By the spring of 1802 Jefferson became alive to the danger. He then saw what was meant by the French expedition against Toussaint. Leclerc had scarcely succeeded, Feb. 5, 1802, in taking possession of the little that Christophe left at Cap Français, when his difficulties of supply began. St. Domingo drew its supplies chiefly from the United States. Toussaint's dependence on the American continent had been so as to form one of the chief complaints of French merchants. General Leclerc disliked the Rufus King to Madison, Nov. 20, 1801; State Papers, ii. 511.
United States,—not without reason, since the Government of that country, as was notorious, had done its utmost to punish France, and had succeeded beyond expectation. Leclerc was a soldier, -severe, impatient, quick to take offence, and also quick to forget it. He knew that he could expect no sympathy from Americans, and he found that all the supplies in St. Domingo were American property. Of course the owners asked extortionate prices; and had Leclerc paid them, he would within six weeks have seen his harbors glutted with goods from Baltimore and New York. Instead of doing this, he seized them, and insulted the American shipmasters and merchants. By the month of March the newspapers of the United States were filled with stories of Le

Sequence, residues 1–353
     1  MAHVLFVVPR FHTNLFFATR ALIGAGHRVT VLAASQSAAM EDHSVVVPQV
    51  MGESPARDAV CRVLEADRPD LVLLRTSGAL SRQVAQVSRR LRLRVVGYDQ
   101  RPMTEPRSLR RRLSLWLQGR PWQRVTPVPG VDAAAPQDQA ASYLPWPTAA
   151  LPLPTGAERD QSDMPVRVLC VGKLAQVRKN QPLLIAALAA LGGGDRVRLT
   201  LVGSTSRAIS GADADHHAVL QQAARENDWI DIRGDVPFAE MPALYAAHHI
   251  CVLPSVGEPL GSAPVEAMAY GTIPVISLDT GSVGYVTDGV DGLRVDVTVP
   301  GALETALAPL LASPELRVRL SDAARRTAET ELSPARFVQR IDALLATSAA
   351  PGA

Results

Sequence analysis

clerc's arbitrary and violent conduct. He was reported as saying that the Americans were no better than Arabs; and one of his general officers was said to have told Lear, the American consul-general, that they were the scum of nations. Cargoes were taken without payment, American shipmasters were seized and imprisoned for offences unknown to the law; while Lear was notified that no consul could be received in St. Domingo as a colony of France, and that he must quit the island within a fortnight. No protest availed against such summary discipline. Lear obeyed; and returning to Madison at Washington, told him of American property confiscated and American citizens in prison.
Madison sent for Pichon, then in charge of the
French legation at Washington pending the appointment of a minister. Pichon was a relic of the French republic; he had been long in the United States, and felt little apparent sympathy with the consular régime or its plans. At Madison's request, Pichon undertook to interfere, and wrote to Leclerc letter upon letter of remonstrance.1 America, he said, could either feed or famish the French army: "Experience proves it; our colonies were brought into revolt only by our unlucky misunderstanding with her; through her alone can we raise them up again." Leclerc resented the tone of these letters, and wrote to Bonaparte that Pichon was a scoundrel and a wretch, with whom he would hold no further relations; 2 but before Leclerc's letter could have arrived, the First Consul had already ordered 3 Talleyrand to rebuke the chargé at Washington for his American officiousness. Pichon's diplomatic career was closed; he retired into private life as soon as the new minister arrived, but meanwhile his remonstrances were not without effect upon Leclerc, whose anger rarely became vindictive.
The conduct of Leclerc in expelling Lear and imprisoning American shipmasters because munitions of
1 Pichon to Leclerc, 29 Ventôse-11 Messidor, An x. (March 20-June 30, 1802); Archives de la Marine, MSS.
2 Leclerc to Bonaparte, 17 Prairial, An x. (June 6, 1802); Archives Nationales, MSS.
Correspondance, vii. 508; Bonaparte to Talleyrand, 15 Messidor, An x. (July 4, 1802).